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Consider the following paragraph:

Gramsci believed that languages created in a laboratory (i.e. Esperanto) do not develop organically in the mind of a nation and its individuals. The imposition of externally derived rules and language that have no 'organic nature' (Italian: organicità) was tantamount to putting the mind in a straitjacket.

What word could be substituted for 'organic nature'?

organicity & organicness seem like possibilities, but I've never come across either of them.

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BTW, it's a common error to use "i.e." for "e.g.". Esperanto is not the only such language alluded to. There are also Loglan, Klingon, and many more. –  Mike Jones Feb 14 '12 at 23:23
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5 Answers

up vote 2 down vote accepted

I wanted to say something about the meaning, since I speak Italian natively.

Organicità in Italian is an "ordered, harmonious and rational connection among the various parts of a whole". (It makes sense in English, right?)

So, Organico means "to be well-balanced, harmonious and ordered in all its parts".

The phrase Sam suggested is ok, although it describes the situation from a slightly different point of view. I looked up Organicity and I only found it on the OED. So it exists in English, or better, it "existed" because, looking at the Ngram Viwer, I suppose it's not really that used lately.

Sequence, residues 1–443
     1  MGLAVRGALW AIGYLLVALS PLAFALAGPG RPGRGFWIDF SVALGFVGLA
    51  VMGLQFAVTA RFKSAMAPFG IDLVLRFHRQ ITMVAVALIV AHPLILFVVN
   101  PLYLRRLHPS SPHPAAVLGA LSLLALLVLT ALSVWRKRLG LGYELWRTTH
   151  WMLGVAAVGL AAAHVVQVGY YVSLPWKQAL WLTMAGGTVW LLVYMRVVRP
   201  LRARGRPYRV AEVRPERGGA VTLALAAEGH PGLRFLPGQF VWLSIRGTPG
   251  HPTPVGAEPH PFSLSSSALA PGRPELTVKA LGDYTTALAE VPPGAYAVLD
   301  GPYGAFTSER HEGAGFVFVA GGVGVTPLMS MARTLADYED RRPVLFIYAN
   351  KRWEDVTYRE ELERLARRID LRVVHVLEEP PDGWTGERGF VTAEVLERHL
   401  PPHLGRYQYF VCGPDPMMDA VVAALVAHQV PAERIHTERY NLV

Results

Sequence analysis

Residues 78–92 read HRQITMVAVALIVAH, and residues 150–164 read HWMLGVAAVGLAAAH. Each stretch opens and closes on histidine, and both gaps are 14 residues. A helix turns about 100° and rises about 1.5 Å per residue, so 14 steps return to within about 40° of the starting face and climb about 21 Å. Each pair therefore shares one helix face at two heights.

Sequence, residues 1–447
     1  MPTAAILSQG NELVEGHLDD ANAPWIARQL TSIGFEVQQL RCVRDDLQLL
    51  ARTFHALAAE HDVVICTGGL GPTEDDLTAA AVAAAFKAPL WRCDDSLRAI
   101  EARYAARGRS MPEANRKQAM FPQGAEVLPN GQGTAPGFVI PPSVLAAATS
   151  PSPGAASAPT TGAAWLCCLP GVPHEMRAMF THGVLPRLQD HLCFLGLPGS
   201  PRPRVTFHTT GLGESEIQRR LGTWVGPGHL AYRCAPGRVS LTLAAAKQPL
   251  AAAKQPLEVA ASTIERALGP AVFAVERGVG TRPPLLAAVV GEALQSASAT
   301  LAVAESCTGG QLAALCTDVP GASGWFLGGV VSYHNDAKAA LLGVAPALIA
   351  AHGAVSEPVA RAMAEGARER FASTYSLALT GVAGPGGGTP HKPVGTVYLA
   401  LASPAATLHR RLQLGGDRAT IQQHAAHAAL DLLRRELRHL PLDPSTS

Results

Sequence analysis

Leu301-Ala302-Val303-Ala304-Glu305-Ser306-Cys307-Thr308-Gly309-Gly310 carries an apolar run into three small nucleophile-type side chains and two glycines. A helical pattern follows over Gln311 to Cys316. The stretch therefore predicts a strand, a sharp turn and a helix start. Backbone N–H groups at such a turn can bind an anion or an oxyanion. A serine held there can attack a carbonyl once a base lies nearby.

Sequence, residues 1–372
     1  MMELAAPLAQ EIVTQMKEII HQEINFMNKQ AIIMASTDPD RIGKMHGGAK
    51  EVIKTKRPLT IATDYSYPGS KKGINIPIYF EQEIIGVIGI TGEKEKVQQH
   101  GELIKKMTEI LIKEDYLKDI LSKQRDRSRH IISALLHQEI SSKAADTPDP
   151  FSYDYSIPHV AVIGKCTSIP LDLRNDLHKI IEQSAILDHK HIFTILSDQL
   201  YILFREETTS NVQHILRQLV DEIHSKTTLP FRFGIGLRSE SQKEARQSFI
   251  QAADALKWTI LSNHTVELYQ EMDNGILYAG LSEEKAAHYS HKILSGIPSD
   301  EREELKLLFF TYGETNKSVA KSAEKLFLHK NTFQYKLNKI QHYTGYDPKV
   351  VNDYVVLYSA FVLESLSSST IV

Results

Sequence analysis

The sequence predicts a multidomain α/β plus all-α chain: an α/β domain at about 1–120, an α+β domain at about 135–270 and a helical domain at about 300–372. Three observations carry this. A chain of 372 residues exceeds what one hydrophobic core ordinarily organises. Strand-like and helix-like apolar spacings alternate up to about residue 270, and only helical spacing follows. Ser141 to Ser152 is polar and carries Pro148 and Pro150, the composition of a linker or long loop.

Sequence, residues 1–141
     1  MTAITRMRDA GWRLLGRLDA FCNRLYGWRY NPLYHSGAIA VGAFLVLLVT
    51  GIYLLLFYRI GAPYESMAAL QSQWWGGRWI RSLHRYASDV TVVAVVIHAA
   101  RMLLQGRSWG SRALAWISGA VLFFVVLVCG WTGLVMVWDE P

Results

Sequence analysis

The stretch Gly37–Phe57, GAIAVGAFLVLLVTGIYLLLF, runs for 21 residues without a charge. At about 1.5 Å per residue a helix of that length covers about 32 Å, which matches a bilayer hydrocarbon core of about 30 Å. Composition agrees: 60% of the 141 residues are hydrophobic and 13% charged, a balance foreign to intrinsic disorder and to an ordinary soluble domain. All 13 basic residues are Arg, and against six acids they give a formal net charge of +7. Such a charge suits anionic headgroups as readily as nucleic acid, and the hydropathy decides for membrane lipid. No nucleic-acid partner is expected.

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“Organic nature” is more used than “organicity”. –  F'x Apr 22 '11 at 9:19
    
@F'x: So there are no corresponding single words in English? –  Alenanno Apr 22 '11 at 9:21
    
There are, but not with this root: coherence, integration, harmony, coordination, … –  F'x Apr 22 '11 at 9:23
    
I see. I wonder why English didn't keep Organicty, but I guess it's OT for this question. Thanks for the list anyway! –  Alenanno Apr 22 '11 at 9:32
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@Alenanno: I realised that my list is a possible answer to the question, so I reposted it as such :) –  F'x Apr 22 '11 at 9:37
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I would rephrase the whole sentence to something like:

The imposition of externally derived rules and language that didn't evolve organically was tantamount to putting the mind in a straitjacket.

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According to Wiktionary, organicità translates to "organic unity." Assuming we're in the ballpark with that and "organic nature," the sentence leads me to think "organic integrity" is close to the mark.

If the single word is what you're after, consider "acculturation."

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I would suggest: coherence, integration, harmony, or coordination.

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Based on Alenanno's description of the meaning, I'd say "coherence" is the best fit. –  Tom Anderson Aug 30 '11 at 8:56
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Organic here has the meaning of 'denoting or characterized by a harmonious relationship between the elements of a whole' (see Oxford). They give the example: 'the organic unity of the integral work of art'.

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